Summary: Labetalol: Bioavailability, drug plasma levels, plasma renin and catecholamines in acute and chronic treatment of resistant hypertension. W. J. Louis, N. Christophidis, M. Brignell, V. Vijayasekaran, J. McNeil and F. J. E. Vajda, Aust. N.Z. J. Med., 1978, 8, pp. 602–609. The antihypertensive effects of labetalol have been studied in 30 patients with severe hypertension. In seven of these patients acute administration was associated with falls in blood pressure which were maximal at two minutes, for intravenous injection and one hour for oral administration. The bioavailability of acute oral administration was studied and varied between 11 and 76%. There were no statistically significant changes in plasma renin and plasma catecholamines following acute administration. In 30 patients labetalol was administered, usually together with a thiazide diuretic, on a chronic basis over a period of ten months. There was a significant relationship (r = 0–517, P & lt; 0001) between drug dosage and plasma levels and in four cases poor response could be attributed to low peak plasma levels of the drug. Improved blood pressure control was associated with a substantial reduction in the number and type of tablets patients were taking and an overall reduction in side effects. The commonest side effect was mild postural hypotension. In addition, one patient in the trial and another more recently have shown hyper‐reactivity to the drug and developed profound postural hypotension with the initial dose. We conclude that labetalol when combined with a thiazide diuretic is an important therapeutic advance in the treatment of the difficult hypertensive subject.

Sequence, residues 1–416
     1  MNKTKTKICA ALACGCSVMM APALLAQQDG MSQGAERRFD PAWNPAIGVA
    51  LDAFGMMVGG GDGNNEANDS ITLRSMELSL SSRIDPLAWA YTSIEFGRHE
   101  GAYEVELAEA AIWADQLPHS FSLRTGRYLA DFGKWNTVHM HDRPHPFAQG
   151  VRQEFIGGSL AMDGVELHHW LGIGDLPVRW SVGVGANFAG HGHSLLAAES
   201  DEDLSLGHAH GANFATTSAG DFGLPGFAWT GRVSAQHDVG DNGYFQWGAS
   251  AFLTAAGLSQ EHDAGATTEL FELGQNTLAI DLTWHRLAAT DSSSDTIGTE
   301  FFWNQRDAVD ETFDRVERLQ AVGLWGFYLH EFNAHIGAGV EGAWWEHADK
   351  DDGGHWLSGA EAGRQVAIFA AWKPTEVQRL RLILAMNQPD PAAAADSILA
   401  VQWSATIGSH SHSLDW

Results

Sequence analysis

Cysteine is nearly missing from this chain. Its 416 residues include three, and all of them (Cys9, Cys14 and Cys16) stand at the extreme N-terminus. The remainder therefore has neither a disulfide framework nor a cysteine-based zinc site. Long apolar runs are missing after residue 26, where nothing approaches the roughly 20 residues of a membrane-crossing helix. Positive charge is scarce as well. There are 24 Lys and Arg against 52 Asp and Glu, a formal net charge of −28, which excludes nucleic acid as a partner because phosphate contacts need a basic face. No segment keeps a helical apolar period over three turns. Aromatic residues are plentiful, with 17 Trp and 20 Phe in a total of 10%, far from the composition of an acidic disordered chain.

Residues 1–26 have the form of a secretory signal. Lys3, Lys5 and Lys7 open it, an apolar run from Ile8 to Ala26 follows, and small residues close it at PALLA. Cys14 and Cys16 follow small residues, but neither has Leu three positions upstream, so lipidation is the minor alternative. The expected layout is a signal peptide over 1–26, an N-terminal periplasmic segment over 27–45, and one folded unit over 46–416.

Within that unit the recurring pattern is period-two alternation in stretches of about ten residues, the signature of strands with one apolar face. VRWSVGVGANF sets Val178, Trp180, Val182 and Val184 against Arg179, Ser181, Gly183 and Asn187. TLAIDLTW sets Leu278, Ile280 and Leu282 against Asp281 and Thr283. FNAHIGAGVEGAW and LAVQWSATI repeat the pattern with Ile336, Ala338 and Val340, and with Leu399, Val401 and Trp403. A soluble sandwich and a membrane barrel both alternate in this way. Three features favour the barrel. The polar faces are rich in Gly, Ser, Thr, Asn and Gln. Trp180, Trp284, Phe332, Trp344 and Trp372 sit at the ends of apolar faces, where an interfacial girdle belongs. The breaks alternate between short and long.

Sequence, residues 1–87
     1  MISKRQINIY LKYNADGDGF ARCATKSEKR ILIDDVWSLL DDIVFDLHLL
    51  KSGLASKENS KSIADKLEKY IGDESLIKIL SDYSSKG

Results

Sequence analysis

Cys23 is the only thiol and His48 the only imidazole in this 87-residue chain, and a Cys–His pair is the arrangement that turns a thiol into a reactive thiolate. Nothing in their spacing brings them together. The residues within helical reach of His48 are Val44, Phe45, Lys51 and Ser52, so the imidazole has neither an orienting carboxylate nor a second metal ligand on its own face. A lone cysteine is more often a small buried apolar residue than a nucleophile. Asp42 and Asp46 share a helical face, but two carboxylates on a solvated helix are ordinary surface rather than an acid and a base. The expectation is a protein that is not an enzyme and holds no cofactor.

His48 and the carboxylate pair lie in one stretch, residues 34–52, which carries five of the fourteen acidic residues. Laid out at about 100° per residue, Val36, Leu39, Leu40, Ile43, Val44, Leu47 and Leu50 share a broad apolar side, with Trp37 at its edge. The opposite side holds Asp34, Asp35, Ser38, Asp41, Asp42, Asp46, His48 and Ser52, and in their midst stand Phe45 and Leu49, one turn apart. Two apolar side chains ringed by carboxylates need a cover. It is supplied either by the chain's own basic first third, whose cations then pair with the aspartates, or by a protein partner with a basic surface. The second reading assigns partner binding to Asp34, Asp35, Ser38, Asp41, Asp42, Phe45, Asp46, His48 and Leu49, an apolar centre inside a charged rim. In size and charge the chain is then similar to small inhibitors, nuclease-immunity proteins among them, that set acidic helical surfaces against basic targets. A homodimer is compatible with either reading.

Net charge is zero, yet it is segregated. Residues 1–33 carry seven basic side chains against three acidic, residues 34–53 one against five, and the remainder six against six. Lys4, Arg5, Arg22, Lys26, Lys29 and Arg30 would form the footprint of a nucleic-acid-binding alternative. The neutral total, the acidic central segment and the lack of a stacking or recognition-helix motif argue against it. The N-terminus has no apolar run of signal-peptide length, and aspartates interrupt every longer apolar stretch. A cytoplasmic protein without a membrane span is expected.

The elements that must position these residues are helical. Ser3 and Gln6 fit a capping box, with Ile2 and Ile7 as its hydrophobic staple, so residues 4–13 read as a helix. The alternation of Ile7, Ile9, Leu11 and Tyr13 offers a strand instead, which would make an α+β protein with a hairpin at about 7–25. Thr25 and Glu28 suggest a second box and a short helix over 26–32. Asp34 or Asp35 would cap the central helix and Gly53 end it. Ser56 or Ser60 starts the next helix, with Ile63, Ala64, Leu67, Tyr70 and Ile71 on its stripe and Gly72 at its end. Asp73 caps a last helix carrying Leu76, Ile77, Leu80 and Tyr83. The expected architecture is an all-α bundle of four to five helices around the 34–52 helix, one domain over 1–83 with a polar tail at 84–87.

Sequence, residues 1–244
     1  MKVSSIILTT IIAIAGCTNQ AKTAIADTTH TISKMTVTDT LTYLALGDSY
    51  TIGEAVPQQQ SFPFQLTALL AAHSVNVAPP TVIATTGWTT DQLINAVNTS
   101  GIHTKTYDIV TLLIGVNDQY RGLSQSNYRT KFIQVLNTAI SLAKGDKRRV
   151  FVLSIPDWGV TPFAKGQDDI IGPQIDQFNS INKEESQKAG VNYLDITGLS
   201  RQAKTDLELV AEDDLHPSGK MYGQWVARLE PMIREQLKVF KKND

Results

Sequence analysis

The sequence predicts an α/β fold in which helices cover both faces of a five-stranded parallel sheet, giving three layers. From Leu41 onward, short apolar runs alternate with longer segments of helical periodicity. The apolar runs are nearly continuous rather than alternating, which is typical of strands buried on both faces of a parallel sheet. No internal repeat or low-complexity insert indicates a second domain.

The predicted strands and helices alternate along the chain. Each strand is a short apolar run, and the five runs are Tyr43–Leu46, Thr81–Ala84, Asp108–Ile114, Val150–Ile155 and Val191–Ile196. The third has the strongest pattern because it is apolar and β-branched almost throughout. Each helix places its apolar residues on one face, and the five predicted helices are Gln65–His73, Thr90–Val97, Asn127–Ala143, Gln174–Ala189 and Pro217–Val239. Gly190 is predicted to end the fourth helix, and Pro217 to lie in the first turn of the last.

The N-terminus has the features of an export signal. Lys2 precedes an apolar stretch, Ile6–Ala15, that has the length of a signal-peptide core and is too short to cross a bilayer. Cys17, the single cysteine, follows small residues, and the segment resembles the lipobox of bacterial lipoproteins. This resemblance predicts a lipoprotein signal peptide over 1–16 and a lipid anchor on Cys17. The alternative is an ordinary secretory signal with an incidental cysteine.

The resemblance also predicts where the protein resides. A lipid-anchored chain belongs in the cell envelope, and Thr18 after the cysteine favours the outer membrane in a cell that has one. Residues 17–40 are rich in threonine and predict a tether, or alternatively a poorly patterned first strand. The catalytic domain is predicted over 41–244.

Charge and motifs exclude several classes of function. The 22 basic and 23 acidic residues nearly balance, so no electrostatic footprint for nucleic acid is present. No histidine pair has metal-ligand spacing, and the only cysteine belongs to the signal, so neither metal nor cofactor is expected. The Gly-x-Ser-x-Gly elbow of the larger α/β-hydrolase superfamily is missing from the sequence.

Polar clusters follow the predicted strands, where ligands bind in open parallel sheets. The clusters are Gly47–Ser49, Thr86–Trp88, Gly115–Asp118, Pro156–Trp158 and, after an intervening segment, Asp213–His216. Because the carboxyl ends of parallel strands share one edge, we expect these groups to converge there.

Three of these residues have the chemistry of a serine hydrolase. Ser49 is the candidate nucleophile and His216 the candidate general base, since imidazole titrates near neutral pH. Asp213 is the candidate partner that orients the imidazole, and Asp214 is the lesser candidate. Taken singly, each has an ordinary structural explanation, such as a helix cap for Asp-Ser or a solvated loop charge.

|Number of pages||8|
|Journal||Australian and New Zealand Journal of Medicine|
|Publication status||Published - 1 Jan 1978|